Elizabeth and Thomas show up in the 1830 Census of Chester County, South Carolina. Living with them were Thomas (20 - 29), David (15 - 19),  and Nancy and one other female (20 - 29).

About 1830, some of Elizabeth’s children (James and Thomas, Jr.) moved with their families to Washington County, Illinois. For an explanation of the circumstances associated with the move, see Covenanters. On September 7, 1833, Thomas sold his 250-acre plantation on Rocky Creek in South Carolina. In December, he and the balance of his family members left for Washington County Illinois. Thomas and Elizabeth purchased 80 acres in Section 15 in 1834 and 40 acres in 1836.

Pages 55 & 56 of the Narratives of Randolph County are a transcript of a letter written in 1896 by Rev. J. J. McClurkin, a grandson of Elizabeth. In it, he describes:

·      How Elizabeth was well indoctrinated in the principles of the Covenanter Church and, no doubt, helped Thomas to see the evil of slavery and to join the Covenanter Church.
·      The four slaves that were set free by Thomas (between 1800 and 1810) as a result of his conversion to the Covenanter faith.
·      The trip from South Carolina that commenced in December 1833. This was a six-week trip, on which Thomas, Elizabeth, and daughter, Nancy, traveled in a one horse carriage. Other family members were in a wagon with four horses.

Elizabeth and Thomas were Charter Members of the Oakdale Reformed Presbyterian Church that was formed in 1834. It is likely that they participated in the Underground Railroad, along with other members of the congregation, because of their disdain for slavery.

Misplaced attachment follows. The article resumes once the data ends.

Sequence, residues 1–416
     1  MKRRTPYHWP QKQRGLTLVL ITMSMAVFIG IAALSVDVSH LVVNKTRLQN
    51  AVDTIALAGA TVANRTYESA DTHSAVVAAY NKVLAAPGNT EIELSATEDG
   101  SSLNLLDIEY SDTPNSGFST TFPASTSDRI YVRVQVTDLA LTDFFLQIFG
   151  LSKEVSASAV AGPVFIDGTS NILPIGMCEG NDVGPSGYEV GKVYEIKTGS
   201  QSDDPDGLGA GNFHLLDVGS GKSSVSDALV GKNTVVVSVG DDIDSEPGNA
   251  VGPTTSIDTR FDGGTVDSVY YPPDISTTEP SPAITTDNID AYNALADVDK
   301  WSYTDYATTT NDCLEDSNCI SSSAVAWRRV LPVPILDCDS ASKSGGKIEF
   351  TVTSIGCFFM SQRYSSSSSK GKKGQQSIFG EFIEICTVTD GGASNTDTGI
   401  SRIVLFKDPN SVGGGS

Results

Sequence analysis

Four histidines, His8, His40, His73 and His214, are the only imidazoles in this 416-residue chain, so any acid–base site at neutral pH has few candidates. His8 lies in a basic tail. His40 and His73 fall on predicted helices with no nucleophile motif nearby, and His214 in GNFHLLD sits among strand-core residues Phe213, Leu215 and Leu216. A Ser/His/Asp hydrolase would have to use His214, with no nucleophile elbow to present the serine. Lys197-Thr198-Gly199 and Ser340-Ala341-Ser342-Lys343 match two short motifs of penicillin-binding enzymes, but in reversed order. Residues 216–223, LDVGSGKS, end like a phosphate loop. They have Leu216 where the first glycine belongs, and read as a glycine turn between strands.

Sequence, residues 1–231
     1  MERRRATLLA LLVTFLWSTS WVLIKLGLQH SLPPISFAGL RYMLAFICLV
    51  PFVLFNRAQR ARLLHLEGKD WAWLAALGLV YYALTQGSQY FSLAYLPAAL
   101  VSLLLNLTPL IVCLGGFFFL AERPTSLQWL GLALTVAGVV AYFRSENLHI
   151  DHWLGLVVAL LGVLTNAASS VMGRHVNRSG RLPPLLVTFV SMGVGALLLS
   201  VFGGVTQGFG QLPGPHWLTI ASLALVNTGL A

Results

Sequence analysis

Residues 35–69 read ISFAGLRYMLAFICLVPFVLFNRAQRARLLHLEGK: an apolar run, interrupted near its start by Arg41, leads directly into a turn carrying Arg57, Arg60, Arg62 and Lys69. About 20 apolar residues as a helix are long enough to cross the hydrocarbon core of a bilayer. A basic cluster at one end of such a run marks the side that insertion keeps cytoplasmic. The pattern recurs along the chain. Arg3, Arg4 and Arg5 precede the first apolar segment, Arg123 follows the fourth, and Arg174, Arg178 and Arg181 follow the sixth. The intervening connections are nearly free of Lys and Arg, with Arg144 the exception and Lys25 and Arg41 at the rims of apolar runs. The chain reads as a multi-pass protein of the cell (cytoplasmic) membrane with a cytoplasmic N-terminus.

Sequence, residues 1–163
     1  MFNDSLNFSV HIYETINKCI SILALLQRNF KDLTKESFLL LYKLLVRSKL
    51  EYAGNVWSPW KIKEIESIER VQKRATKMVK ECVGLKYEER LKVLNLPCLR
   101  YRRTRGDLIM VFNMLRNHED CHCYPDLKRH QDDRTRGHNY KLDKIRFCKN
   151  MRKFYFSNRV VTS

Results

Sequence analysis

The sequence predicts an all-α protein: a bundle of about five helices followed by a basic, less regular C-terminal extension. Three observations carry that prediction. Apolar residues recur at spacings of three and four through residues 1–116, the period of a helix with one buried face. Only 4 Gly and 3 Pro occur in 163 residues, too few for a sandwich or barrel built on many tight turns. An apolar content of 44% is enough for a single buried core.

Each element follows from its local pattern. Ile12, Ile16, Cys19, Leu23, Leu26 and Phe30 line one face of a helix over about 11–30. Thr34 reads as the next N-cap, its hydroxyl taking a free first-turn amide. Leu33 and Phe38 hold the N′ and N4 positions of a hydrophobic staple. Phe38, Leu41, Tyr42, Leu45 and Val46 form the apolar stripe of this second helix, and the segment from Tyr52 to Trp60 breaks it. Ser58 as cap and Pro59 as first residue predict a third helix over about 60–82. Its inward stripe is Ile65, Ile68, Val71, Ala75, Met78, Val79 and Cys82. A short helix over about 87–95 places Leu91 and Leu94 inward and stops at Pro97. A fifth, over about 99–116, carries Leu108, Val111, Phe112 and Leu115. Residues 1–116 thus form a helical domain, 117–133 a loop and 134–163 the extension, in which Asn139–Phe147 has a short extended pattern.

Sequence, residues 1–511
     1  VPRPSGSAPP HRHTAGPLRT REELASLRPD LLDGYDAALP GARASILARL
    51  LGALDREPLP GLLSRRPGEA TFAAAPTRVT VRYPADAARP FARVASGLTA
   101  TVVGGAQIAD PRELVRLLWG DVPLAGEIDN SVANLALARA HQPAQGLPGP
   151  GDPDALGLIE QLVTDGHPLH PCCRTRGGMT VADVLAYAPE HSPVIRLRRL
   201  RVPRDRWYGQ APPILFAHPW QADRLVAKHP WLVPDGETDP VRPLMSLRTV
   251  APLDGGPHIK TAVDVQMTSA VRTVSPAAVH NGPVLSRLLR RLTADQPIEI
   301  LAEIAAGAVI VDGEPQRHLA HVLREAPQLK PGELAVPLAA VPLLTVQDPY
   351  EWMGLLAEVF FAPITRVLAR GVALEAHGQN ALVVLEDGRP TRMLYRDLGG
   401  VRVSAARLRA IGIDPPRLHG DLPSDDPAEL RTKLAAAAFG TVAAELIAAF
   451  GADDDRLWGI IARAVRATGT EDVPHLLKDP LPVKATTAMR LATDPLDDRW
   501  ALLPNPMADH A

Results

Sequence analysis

Elizabeth is mentioned in “History of Oakdale Township” (see references) on page 33 as an RP Church Charter Member.

Elizabeth and Thomas show up in the 1840 Census of Washington County, Illinois. Living with them were David, Nancy and one other male (20 - 29).

Thomas died on March 22, 1845 at the age of 97. He is buried in Oakdale Cemetery (Old Section, Row 5, Grave 32), near Oakdale, Illinois.

Elizabeth then applied for and received a widow’s pension of $34.11 per year until her death. Copies of the payment registers are available below. In addition, at least 40 pages of Thomas’ pension file are related to the widow’s pension for Elizabeth.




Elizabeth shows up in the 1850 Census of Washington County, Illinois. She was living with her son, David, and her daughter, Nancy.


When James McClurken died on October 8, 1875, he had the following assets:
·        $378.35 in Goods, Chattels and Personal Property
·      $1935.95 in loans to five individuals
·      $2060.00 for five real estate parcels totaling 187 acres

After expenses, Sarah McClurken, his widow, received:
·       $378.35  for the value of the personal property
·       $377.40  for the “widow’s award” in two installments
·       $395.41  as a one-third portion of the balance

Each of his eight surviving children received a one-eighth portion of the remaining two-thirds of the balance:
·        $98.85  to Elizabeth (McClurken) McKelvey
·        $98.85  to Nancy (McClurken) Owens
·        $98.85  to John R. McClurken
·        $98.85  to David W. McClurken
·        $98.85  to Sarah (McClurken) Walker
·        $98.85  to James H. McClurken, Jr.
·        $98.85  to Andrew T. McClurken
·        $98.85  to Clara (McClurken) Kemps

In addition, it appears that two parcels, valued at $250, became part of the estate in settlement of the James and Mary Managing debt.
The disposition of all of the real estate was not addressed in the probate records.


Oakdale Reformed Presbyterian Church 1894